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Across Penn’s campus Monday night, many of the lights flickered but managed to stay on as gusts of wind nearly 70 miles per hour howled outside.
Though Hurricane Sandy put a halt to classes and operations at Penn over the past two days, University officials acknowledged that the storm — which caused massive power outages, flooding and at least 48 deaths up and down the Eastern Seaboard — largely spared the campus community.
“When you look at all the devastation around us, whether it’s the Jersey Shore or New York City, I think we’re incredibly fortunate,” Executive Vice President Craig Carnaroli said. “I’d consider Penn lucky.”
Beginning Monday night and carrying over into the early hours of Tuesday morning, facilities crews were on hand to respond to reports of downed trees, damage to buildings and other impacts of Sandy on campus.
According to Vice President for Facilities and Real Estate Services Anne Papageorge, some of the most significant on-campus damage came at the Law School’s Golkin Hall, where a piece of metal that was protecting a section of the roof fell off. Executive Director of Operations and Maintenance Ken Ogawa added that FRES also responded to a broken window at the Richards Medical Research Laboratories on Hamilton Walk.
There were also several downed trees around campus, Papageorge added, including one on Walnut Street in front of President Amy Gutmann’s house.
“The good news is that we did not lose power and did not have flooding, and in the past couple of storms, those were the two most significant issues,” Papageorge said.
There were, however, a few reported incidents of damage at off-campus apartments and houses.
At about 3:30 p.m. Monday, College and Wharton sophomore Donna Hahn noticed a leak in the ceiling of her second-floor bedroom in her house on 42nd Street between Spruce and Pine streets. The tile ceiling began to crack and water began to trickle into the room even faster about an hour later.
“I thought my roof was about to fall in,” she said. “There was a lot of pressure on the ceiling, but we couldn’t figure out where it was coming from.”
Hahn and her roommates placed several buckets beneath the dripping water, and poked a hole in the ceiling so that the water could all rush out from one area. The leak stopped later that evening.
For three days before the hurricane, off-campus housing companies like University City Housing made sure that all of the sewers near their off-campus properties were plugged. They also checked all yard drains, storm drains and roof outlets.
According to UCH Regional Manager Bill Groves, the company received about ten storm-related maintenance requests, ranging from basement flooding in non-occupied spaces to window and roof leaks. All of the issues were relatively minor, he added, with most of the flooding due to blown leaves and branches or air conditioning units left in windows.
Campus Apartments was also proactive in managing the storm. In addition to clearing out yard drains and removing window air conditioning units last week, the company offered residents of units with a history of water filtration issues the option of spending the storm in rooms at the Homewood Suites on Walnut Street. Seven residents accepted this offer, according to Regional Property Manager Jason Cohen.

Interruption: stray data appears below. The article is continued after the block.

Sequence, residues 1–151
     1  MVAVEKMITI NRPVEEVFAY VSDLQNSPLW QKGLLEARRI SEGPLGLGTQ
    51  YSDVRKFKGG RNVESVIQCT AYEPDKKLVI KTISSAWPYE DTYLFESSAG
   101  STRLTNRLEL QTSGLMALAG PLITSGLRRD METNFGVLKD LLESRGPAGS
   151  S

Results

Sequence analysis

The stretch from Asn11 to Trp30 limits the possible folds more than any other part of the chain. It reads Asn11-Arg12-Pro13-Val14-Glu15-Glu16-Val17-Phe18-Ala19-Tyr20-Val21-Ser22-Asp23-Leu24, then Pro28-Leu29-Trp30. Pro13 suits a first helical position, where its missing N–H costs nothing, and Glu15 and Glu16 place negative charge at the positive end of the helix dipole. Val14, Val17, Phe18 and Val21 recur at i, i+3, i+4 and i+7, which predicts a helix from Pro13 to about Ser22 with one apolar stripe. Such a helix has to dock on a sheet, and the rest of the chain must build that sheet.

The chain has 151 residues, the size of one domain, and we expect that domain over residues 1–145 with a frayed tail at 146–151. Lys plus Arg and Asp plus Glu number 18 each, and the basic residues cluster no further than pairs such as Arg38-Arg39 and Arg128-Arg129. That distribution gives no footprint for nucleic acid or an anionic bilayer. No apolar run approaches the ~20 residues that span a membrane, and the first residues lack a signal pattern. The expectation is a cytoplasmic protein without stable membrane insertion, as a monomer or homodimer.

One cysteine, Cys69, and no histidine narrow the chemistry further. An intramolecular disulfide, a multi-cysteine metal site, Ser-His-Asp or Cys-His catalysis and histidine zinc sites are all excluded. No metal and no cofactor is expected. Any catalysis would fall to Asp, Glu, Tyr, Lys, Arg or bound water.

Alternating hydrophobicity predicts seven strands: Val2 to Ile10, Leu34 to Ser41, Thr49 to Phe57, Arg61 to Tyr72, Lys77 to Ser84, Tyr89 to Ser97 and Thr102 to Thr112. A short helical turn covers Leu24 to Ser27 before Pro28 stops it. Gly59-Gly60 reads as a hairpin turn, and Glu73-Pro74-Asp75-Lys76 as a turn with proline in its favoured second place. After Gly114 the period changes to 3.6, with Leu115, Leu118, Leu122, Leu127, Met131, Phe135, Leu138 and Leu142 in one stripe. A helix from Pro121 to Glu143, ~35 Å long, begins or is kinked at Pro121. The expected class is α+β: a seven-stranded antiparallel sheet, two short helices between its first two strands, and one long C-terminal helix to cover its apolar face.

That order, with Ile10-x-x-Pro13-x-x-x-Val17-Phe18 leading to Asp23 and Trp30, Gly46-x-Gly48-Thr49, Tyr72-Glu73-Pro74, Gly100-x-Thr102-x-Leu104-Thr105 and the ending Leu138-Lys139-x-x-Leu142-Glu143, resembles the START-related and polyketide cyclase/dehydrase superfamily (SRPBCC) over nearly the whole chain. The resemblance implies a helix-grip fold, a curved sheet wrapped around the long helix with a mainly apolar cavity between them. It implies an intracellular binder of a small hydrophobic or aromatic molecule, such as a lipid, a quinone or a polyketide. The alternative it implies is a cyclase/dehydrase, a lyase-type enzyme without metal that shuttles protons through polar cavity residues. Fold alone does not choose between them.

The Division of Public Safety also played a central role during the hurricane.
Before, during and after the storm hit, DPS sent multiple UPennAlerts updating students and informing them of safe practices in case of an emergency.
While UPennAlerts have generally been used in cases of campus crime, Vice President for Public Safety Maureen Rush said the decision was made to use the alert system throughout the storm “in order to drive the information out quickly.”
“We’ve always looked at the UPennAlert as a tool to keep people safe,” she said. “We did go back and forth about the alerts, and agreed to use it because this was a really significant storm that could be a danger to people.”
Campus was “a ghost town” at the height of the storm, Rush said, adding that DPS responded to just two incidents Monday night — a time when some students were throwing hurricane-related parties. Both incidents were alcohol-related hospitalizations.
As Tuesday morning rolled around, life on campus and in the city began to return to normal. While an estimated 65,000 in the city were without power as of Tuesday afternoon, according to The Philadelphia Inquirer, Mayor Michael Nutter acknowledged in a press conference that “it could have been worse, but we came through it pretty well.”
SEPTA — which suspended service shortly after midnight on Monday — began to resume some of its subway, trolley and bus lines, with both the Market-Frankford and Broad Street lines starting regular operations again on Tuesday. Carnaroli said the SEPTA closure was a major factor that led Penn to cancel classes, since many faculty and staff use public transportation to get to work.
All regular SEPTA service will be up and running again Wednesday.
On Tuesday, the scene on Walnut and Spruce streets also began to look more familiar, as stores and restaurants like Wawa, Chipotle and Bobby’s Burger Palace started re-opening after their closures on Monday.
In the coming days, Carnaroli said, administrators will sit down for a full de-briefing on the University’s response to the hurricane.
“We’re proud to say that we have a very well-oiled machine when it comes to situations like this,” Rush added. “I think that was on display these past few days.”
Staff writer Becki Steinberg contributed reporting.